The roll-out of a national CFS programme that addresses a combination of the most deprived districts and more advanced ones has proved to be most dynamic and workable because the demand for innovation among the former and higher-level capacities among the latter were mutually supportive. Furthermore, teachers from deprived schools take part in a variety of teacher training programmes, which present opportunities to interact with other schools and share their experiences. Without the CFS framework, these teachers would have little or no chance to experience such an opportunity
During the selection of pilot CFS schools, UNICEF and MoE decided to make selections from among the best performing schools from the capital as well as from districts with a low-income population majority and settlements of internally displaced persons and from remote areas. The reason for this decision was that it would generate opportunities for schools in districts facing challenges to improve their knowledge and skills and also to encourage more interaction with and learning from schools from better-off districts. The pilot has validated the rationale and demonstrated that the new CFS model helps to reduce the MoE burden of leading and driving systemic reform from the top by linking schools both within one district and among different districts.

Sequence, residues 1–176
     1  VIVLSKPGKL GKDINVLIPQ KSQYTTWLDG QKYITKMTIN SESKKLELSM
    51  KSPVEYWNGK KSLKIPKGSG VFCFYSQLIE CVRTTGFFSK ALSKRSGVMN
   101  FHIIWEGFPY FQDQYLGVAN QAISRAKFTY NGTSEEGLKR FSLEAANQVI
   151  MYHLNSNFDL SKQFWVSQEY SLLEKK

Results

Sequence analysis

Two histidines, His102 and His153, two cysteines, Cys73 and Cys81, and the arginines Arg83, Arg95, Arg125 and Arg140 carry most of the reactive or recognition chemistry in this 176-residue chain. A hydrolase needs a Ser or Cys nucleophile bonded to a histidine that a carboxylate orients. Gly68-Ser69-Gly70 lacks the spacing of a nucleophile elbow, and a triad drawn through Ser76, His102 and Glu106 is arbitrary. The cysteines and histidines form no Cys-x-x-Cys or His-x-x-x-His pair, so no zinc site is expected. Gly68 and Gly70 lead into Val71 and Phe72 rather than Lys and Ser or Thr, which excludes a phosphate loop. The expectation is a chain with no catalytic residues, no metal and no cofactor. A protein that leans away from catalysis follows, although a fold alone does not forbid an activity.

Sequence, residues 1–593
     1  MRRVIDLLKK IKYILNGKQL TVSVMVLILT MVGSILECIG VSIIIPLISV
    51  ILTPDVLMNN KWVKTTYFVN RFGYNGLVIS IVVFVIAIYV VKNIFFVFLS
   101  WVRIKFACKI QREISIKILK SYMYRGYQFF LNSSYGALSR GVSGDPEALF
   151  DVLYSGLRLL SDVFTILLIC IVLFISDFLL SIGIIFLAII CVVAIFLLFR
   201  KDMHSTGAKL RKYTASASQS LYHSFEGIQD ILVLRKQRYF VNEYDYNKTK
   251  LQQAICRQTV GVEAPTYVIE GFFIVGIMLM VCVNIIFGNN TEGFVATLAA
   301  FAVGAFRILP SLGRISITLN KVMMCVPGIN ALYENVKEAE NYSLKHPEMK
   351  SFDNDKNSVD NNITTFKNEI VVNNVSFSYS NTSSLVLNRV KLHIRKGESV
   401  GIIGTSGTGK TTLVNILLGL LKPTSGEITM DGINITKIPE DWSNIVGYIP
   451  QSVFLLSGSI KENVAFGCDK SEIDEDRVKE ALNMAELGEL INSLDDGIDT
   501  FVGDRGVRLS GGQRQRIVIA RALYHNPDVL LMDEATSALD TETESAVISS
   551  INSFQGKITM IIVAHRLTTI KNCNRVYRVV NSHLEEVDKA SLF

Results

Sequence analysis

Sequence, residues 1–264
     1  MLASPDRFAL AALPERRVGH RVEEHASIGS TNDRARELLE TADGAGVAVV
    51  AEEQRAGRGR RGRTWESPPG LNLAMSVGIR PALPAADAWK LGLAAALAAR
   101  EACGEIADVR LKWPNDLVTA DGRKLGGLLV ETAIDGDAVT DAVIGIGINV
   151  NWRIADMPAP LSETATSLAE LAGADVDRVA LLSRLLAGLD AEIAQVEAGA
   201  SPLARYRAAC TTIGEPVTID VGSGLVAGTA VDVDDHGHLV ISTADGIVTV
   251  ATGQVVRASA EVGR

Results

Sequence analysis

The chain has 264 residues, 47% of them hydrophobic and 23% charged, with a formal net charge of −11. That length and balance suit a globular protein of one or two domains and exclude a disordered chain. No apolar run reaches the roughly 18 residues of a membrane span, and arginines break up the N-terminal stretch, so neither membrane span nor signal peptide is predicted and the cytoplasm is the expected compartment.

Two elements of the programme can be applied more generally: First, a mix of deprived and high-performing districts can yield a more dynamic and sustainable model of learning and achievement when rolling out a new programming approach. Second, the model demonstrates a method of programme cost-sharing that eventually shifts the full cost to the government, which is an ultimate goal of UNICEF work in middle-income countries like Azerbaijan.
However, during the programming of funding inputs from Government, it is important to take into account the specific features of in-country budgeting procedures and local bureaucracies, such as the Ministry of Finance, as they are often adverse to large investments which they regard as threatening to fiscal stability.
In 2012, UNICEF will support the MoE by training an additional cohort of 1,050 trainers on subjects in the new curriculum for grades 5 and 6, in order to improve the institutional and technical capacities of potential companies which participate in MoE tenders for the roll-out of the new curriculum in general education schools. UNICEF will also facilitate the application of the Active Learning policy in the education system with the support of a matching contribution from the MoE of USD 14 million, which will help to deliver the knowledge to over 60,000 secondary school teachers. Finally, the CFS rollout will add 300 schools in 13 districts, raising the total to 400 by year-end.